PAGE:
The distinction between the four Figures concerns the placement of the middle term M in each of the premises. In order to highlight this order, I’ve written them with ( and ) on the side of the relation where the M is.

Figure 1: MxP, SyM, SzP: (xy)z
Figure 2: PxM, SyM, SzP: x(y)z
Figure 3: MxP, MyS, SzP: (x)yz
Figure 4: PxM, MyS, SzP: x()yz

There are only 24 valid inferences out of all possible combinations, six for each of the four Figures (and some of these may be erroneous sometimes due to the existential fallacy). In addition, they were given mnemonic names in the Middle Ages by adding consonants around the vowels of the relations. And so the valid inferences and their names (or something close to it) are as follows (by my notation and in no special order):

(aa)a, B(arba)ra
(ea)e, C(ela)rent
e(a)e, Ce(sa)re
a(e)e, Ca(me)stres
a()ee, Ca(l)emes
(ai)i, D(ari)i
(a)ii, D(at)isi
(i)ai, D(is)amis
i()ai, Di(m)atis
(ei)o, F(eri)o
e(i)o, Fe(sti)no
(e)io, F(er)ison
e()io, Fre(s)ison
a(o)o, Ba(ro)co
(o)ao, B(oc)ardo
(aa)i, B(arba)ri
a()ai, Ba(m)alip
(ea)o, C(ela)ront
e(a)o, Ce(sa)ro
a(e)o, Ca(me)stros
a()eo, Ca(l)emos
(e)ao, F(el)apton
e()ao, Fe(s)apo
(a)ai, D(ar)apti

For example, (aa)a, or Barbara, is a syllogism of the form: All Y are Z; All X are Y; thus All X are Z.

Further Reading:


Vaughan Pratt / Aristotle, Boole, and Categories (PDF, October 12, 2015)

Click to access PrattParikh.pdf

Vaughan Pratt / Aristotle, Boole, and Chu: Duality since 350 BC (Slides, August 12, 2015)

Click to access PrattABCD.pdf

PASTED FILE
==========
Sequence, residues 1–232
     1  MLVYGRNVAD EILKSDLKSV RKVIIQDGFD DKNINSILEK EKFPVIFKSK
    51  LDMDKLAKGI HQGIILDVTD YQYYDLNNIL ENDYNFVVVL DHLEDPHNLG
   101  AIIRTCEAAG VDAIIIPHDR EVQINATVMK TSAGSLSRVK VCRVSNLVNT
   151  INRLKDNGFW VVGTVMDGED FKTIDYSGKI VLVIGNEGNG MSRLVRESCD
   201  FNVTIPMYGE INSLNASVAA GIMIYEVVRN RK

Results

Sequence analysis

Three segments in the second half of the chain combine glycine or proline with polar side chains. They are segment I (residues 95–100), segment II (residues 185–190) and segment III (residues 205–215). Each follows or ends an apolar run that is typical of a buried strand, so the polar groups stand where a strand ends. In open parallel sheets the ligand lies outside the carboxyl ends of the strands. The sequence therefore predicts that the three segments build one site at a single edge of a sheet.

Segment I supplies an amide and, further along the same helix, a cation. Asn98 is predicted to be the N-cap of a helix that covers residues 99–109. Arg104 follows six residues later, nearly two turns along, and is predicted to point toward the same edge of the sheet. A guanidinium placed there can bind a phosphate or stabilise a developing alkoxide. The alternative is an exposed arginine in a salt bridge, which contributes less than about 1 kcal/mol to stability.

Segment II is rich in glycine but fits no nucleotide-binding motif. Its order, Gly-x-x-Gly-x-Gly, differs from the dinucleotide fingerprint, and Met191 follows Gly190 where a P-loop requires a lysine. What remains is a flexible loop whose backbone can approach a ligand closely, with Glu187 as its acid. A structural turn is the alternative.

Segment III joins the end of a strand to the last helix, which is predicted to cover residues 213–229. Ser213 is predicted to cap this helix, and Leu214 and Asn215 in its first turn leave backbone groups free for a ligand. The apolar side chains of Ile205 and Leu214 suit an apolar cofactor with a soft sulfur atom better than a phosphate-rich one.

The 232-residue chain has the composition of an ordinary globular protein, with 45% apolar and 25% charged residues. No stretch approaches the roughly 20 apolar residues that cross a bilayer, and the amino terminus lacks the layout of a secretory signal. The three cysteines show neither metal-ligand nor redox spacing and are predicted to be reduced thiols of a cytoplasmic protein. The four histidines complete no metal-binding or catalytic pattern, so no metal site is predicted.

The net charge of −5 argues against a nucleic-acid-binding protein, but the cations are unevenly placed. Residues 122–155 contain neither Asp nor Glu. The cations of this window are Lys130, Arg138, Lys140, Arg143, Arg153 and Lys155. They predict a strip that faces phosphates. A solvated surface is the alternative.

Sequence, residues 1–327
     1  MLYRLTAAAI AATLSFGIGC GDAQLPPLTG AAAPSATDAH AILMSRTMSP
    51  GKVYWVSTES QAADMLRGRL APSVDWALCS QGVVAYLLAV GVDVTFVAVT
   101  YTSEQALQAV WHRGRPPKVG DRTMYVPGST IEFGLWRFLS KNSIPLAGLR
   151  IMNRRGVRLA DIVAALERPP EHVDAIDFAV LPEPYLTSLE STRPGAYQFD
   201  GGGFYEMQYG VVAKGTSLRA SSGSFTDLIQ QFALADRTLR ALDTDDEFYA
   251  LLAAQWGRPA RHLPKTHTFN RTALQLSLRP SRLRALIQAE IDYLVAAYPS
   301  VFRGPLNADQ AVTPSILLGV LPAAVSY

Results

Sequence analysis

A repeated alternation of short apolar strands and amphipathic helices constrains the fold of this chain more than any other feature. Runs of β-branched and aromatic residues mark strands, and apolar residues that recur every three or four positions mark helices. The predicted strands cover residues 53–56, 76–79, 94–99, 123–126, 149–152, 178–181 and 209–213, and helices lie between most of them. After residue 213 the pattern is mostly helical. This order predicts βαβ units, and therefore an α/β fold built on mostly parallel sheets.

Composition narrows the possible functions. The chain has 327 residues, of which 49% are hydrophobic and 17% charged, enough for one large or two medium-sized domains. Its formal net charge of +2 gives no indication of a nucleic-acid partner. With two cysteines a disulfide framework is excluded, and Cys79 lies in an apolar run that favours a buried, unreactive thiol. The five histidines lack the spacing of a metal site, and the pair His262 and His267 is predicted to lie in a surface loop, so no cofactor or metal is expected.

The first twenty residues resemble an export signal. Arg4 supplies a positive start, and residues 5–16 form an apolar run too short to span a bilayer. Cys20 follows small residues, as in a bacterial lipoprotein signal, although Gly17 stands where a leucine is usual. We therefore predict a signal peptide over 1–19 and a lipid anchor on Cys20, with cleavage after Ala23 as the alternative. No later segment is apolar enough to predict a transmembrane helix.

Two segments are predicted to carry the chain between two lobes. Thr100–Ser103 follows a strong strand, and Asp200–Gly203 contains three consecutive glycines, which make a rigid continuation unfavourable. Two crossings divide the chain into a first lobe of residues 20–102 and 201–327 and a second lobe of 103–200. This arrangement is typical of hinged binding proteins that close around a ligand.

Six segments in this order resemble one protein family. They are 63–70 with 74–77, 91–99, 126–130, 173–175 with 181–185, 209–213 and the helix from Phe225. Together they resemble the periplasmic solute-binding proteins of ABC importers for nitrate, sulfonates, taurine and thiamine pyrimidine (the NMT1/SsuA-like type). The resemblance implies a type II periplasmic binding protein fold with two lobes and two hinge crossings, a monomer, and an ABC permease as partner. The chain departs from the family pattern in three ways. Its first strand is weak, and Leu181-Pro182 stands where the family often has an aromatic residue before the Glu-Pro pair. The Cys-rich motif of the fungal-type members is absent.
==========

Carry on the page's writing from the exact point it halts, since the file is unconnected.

The Genetic Code

There are many ways to show the genetic code, the map between triplets of nucleotides and the amino acids of proteins. Here is one that may be a bit awkward to understand, but other more standard ones are easily found.

 First, here are the codes for the four nucleotides:

  • U = Uracil
  • C = Cytosine
  • A = Adenine
  • G = Guanine

As well, let

  • $ = U or C
  • % = A or G
  • & = U or C or A
  • * = U or C or A or G

And so, here are the amino acids and their nucleotide codes

A = Ala = Alanine = GC*
C = Cys = Cysteine = UG$
D = Asp = Aspartic Acid = GA$
E = Glu = Glutamic Acid = GA%
F = Phe = Phenylalanine = UU$
G = Gly = Glycine = GG*
H = His = Histidine = CA$
I = Ile = Isoleucine = AU&
K = Lys = Lysine = AA%
L = Leu = Leucine = UU% + CU*
M = Met = Methionine = AUG
N = Asn = Asparagine = AA$
P = Pro = Proline = CC*
Q = Gln = Glutamine = CA%
R = Arg = Arginine = CG* + AG%
S = Ser = Serine = UC* + AG$
T = Thr = Threonine = AC*
V = Val = Valine = GU*
W = Typ = Tryptophan = UGG
Y = Tyr = Tyrosine = UA$
# = Stop = UA% + UGA

Note that some letters encode both nucleotides as well as amino acids, which might be confusing.

Further Reading:

[*10.146, *10.147]


Carl Jung’s Alchemical Tetrameria

Jung’s diagram of his alchemical tetrameria is supposed to represent the evolving self, and suggests movement, succession, and change and yet stillness, consistency, and renewal. His own diagram is quite different from mine, but I do think that mine has some merit.